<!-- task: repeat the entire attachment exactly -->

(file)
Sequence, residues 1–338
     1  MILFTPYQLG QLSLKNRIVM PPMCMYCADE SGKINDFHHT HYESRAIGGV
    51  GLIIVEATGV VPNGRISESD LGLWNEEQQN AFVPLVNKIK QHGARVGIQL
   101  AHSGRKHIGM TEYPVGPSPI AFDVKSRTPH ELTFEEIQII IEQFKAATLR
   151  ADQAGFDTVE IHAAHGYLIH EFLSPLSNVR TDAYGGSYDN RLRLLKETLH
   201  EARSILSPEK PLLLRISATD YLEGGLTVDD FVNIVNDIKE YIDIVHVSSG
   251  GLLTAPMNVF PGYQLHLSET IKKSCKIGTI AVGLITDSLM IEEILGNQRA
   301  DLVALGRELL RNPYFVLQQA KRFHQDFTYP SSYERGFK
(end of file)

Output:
Sequence, residues 1–338
     1  MILFTPYQLG QLSLKNRIVM PPMCMYCADE SGKINDFHHT HYESRAIGGV
    51  GLIIVEATGV VPNGRISESD LGLWNEEQQN AFVPLVNKIK QHGARVGIQL
   101  AHSGRKHIGM TEYPVGPSPI AFDVKSRTPH ELTFEEIQII IEQFKAATLR
   151  ADQAGFDTVE IHAAHGYLIH EFLSPLSNVR TDAYGGSYDN RLRLLKETLH
   201  EARSILSPEK PLLLRISATD YLEGGLTVDD FVNIVNDIKE YIDIVHVSSG
   251  GLLTAPMNVF PGYQLHLSET IKKSCKIGTI AVGLITDSLM IEEILGNQRA
   301  DLVALGRELL RNPYFVLQQA KRFHQDFTYP SSYERGFK